If you recall, the political adviser to Governor Ambrose Alli, the late Mr. Nelson Ubi, canvassed for what he called Coast State. People thought he was crazy.

He wasn't. It's built on what to do for the three I's - the Ijaw, the Isoko and the Itsekiri. Are you telling me that those matters are resolved today? They are not.

Are we saying that there is a certain number of populations that should consist a state? No. Nebraska in America is a very small state. Miami is a very small state, yet it's state compared with California, New York, Michigan and so on. We had opportunity to make it right. We had opportunity to say, look, there is no sanctity of number with respect to state. There is nothing called sanctity of geographical area with respect to how it should be or should not be. What is important is that create states to meet the needs of the people who live there. We did not. Can we do it today? We cannot because of the way we are going.

The Three I's in Delta should be protected - the Ijaw, the Isoko and the Itsekiri. But under the arrangement we have today there called Delta, there is no provision for them.

You referred to the pattern of voting in the governorship re-run in Delta. What did you observe?

It became very clear that the Urhobo are still fighting for this core Delta thing. They don't still see their future in the present Delta. The Anioma are very careful. Maybe it would be their turn if they do this or do that. We can see the way the thing is going. The Three I's are confused.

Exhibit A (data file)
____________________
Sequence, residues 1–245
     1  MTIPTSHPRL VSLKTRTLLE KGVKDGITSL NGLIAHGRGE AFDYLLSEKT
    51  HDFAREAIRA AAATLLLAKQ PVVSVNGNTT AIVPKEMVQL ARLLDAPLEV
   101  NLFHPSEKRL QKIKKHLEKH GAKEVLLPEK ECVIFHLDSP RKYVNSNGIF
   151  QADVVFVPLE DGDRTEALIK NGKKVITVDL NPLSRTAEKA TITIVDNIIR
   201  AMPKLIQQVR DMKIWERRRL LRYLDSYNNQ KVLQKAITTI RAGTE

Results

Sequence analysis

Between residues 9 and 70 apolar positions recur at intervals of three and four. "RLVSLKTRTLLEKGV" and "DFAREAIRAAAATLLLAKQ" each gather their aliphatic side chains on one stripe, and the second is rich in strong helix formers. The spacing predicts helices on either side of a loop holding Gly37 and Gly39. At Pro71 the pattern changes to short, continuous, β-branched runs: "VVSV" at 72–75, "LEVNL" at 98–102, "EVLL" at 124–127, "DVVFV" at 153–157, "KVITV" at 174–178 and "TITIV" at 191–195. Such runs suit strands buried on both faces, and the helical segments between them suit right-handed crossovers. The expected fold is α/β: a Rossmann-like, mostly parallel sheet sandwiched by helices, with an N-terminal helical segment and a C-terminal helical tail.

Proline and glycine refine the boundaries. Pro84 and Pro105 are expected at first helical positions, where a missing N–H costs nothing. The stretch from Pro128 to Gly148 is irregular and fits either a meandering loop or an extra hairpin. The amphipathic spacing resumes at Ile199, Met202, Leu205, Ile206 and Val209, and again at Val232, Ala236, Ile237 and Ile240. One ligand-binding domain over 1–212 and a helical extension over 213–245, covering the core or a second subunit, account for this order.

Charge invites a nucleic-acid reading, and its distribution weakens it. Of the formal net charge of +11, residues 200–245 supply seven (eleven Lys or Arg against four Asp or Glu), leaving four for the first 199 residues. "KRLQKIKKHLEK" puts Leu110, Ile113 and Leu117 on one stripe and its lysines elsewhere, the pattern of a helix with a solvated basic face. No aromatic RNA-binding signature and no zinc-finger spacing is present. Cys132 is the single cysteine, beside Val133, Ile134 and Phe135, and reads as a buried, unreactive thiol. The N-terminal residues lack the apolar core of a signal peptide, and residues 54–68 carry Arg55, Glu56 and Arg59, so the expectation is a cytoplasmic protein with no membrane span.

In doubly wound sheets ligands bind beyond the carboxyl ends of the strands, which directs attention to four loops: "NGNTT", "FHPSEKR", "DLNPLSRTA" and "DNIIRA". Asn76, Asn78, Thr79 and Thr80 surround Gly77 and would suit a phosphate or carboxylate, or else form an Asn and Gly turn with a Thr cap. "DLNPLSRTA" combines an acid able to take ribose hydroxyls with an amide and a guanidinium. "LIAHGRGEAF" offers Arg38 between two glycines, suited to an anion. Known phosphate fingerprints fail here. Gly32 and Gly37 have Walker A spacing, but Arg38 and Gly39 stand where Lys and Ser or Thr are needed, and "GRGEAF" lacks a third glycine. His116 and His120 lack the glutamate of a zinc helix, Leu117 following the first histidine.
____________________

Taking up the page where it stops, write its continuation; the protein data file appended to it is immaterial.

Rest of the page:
A state consists of five principles. It must have a geographical boundary, people, political entity, economic and communication and transportation.

If you take the fifth, communication and transportation, there is nothing linking the Delta. It is better linked with the three I's together there and maybe, with the Urhobo.

In terms of geographical boundaries, it is difficult for you to talk about what is the border or what are the boundaries of Delta today. There is nothing which links somebody in Asaba in terms of people, with somebody in Bunity, with somebody in Koko and same we are the same people. It is not there. It's different from Edo. Edo is contiguous and the people can see themselves that we are the same people.

In fairness to the late Chief Anthony Enahoro who came about with Edo kpa makhin (All Edos are one). You cannot say so in Delta that all Deltans are one. They are not one. Maybe, Babangida allowed a personal consideration to outweigh what would have amounted to a three-state arrangement in Delta. It doesn't matter how big it is. I just cited the case of Nebraska and Wyomy.

When you say IBB allowed personal consideration, what do you mean?

I mean Ogboru/Orkar coup at that time. He is a human being. There is blood running in his vein. He didn't see it the way Ogboru behaved at that time.